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LDC vote postponed due to COVID-19

Tuesday, March 17, 2020 by Jo Clifton

The new Land Development Code, which was moving toward final passage with the support of seven Council members just a few days ago, has now been relegated to the back burner as Mayor Steve Adler and City Council look at ways to mitigate the impact of the coronavirus pandemic.

Although Adler had written about scheduling public comment for two meetings, one on March 24 and one on March 28, on Monday he and other members of Council said those hearings would not be happening then. He told the Austin Monitor he was busy thinking about the coronavirus but would probably post something on the City Council Message Board Tuesday.

Adler wrote on the message board on March 12 that he was looking forward “to finishing our important work together to adopt a new Land Development Code.” He said he expected staff to publish the proposed text of the new code around March 20 to be considered for its third and final reading.

Council Member Leslie Pool, who has consistently opposed the new code, also wrote on the message board last month, “The changes we are making through the LDC rewrite have immense impact that will ripple through our city for decades to come. Through our public hearing procedures, we signal that we welcome direct, personal input on a matter of shared interest and concern. We all can appreciate the importance of nailing down these details well in advance of the March 28 public hearing.”

But all that changed this weekend with the realization that the virus is in our midst and that bringing people together anywhere, including in Council chambers, involves a serious risk.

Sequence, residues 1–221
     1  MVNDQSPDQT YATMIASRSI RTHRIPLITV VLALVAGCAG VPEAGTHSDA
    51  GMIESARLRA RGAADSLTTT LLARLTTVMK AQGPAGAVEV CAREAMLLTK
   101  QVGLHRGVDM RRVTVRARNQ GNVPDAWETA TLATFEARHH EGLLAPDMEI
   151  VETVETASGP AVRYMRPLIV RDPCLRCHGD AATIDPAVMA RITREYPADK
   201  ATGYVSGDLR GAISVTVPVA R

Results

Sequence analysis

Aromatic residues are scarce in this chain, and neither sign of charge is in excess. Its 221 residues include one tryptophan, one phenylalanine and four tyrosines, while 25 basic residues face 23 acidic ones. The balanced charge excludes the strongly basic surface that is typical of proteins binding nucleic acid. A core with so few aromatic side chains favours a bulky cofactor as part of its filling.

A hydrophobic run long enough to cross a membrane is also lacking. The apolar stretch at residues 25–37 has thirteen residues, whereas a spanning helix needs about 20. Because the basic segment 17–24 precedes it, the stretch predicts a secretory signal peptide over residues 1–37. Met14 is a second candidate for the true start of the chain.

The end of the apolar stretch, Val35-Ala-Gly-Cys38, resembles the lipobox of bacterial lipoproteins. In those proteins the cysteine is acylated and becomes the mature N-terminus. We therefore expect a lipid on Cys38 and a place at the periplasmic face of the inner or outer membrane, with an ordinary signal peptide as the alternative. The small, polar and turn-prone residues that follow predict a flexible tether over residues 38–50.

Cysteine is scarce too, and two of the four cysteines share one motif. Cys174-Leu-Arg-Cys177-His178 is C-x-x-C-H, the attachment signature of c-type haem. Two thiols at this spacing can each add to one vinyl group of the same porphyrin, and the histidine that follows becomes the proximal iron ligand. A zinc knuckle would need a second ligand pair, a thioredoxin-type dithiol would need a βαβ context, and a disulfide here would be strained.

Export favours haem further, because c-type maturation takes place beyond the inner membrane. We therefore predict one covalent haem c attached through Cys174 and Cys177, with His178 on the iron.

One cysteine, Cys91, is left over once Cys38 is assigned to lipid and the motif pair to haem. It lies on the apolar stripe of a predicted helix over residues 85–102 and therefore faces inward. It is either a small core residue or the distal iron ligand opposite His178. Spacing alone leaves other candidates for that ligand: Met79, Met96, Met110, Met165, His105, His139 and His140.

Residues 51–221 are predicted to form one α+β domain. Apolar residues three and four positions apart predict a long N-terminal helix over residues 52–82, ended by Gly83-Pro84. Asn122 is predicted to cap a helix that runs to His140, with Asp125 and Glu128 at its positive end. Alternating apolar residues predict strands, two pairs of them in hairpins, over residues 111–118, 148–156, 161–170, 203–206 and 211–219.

Late Monday, the city’s Public Information Office put out a press release stating, “These are extraordinary times and public health is paramount. In response to the increasing concerns and fluidity of the COVID-19 situation, the city of Austin has decided to postpone meetings and action related to the Land Development Code revision,” starting with the March 24 meeting and continuing through a possible meeting date of April 7.

According to the statement, the city is continuing to discuss options on how to move the process forward. However, several Council members indicated that all of their focus is on how to prevent the spread of the virus.

People were also worried about how Council would carry on with its other important business in light of public health recommendations to limit public gatherings and practice social distancing. Council members sit close together on the dais for hours at a time over the course of a normal meeting, and the same is true of staffers and members of the public attending the meetings. A certain number of Council members can participate without being physically present, but Council Member Jimmy Flannigan told the Monitor he thought at least six members would have to be present under open meetings laws.

Flannigan along with Adler and Council members Greg Casar and Kathie Tovo all indicated that Council meetings in the near future would be brief and probably limited to the most important noncontroversial items.

Casar said, “I think we’re trying to figure out how to handle digital meetings, how to make sure they’re still transparent.” He said it was important for Council to “clear things off city staff’s plate so they can focus on the pandemic. I think … the Council needs to be there providing leadership on the pandemic,” and keeping the city running.

Toward the end of the day Monday, Gov. Greg Abbott released a statement notifying the public that he would allow local governments to have digital meetings without having everyone present in the same room.

According to the governor’s statement, both state and local government entities will be able to hold meetings through telephonic means or videoconference. In order to facilitate such meetings, Abbott suspended portions of the open meetings law requiring government officials and members of the public to be physically present at a specified location.

“Members of the public will be entitled to participate and address the governmental body during any telephonic or videoconference meeting. To hold a telephonic or videoconference meeting, a governmental body must post a written notice that gives the public a way to participate remotely, such as a toll-free dial-in number, and that includes an electronic copy of any agenda packet that officials will consider at the meeting,” the governor’s statement said.

Photo by John Flynn.

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